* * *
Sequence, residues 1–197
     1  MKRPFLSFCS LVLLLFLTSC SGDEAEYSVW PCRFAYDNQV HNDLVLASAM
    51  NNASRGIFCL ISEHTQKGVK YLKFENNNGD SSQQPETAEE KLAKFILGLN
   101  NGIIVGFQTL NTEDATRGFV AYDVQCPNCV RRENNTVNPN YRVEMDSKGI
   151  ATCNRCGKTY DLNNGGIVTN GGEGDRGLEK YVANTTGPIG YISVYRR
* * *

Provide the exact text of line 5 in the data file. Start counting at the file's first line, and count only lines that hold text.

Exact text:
   151  ATCNRCGKTY DLNNGGIVTN GGEGDRGLEK YVANTTGPIG YISVYRR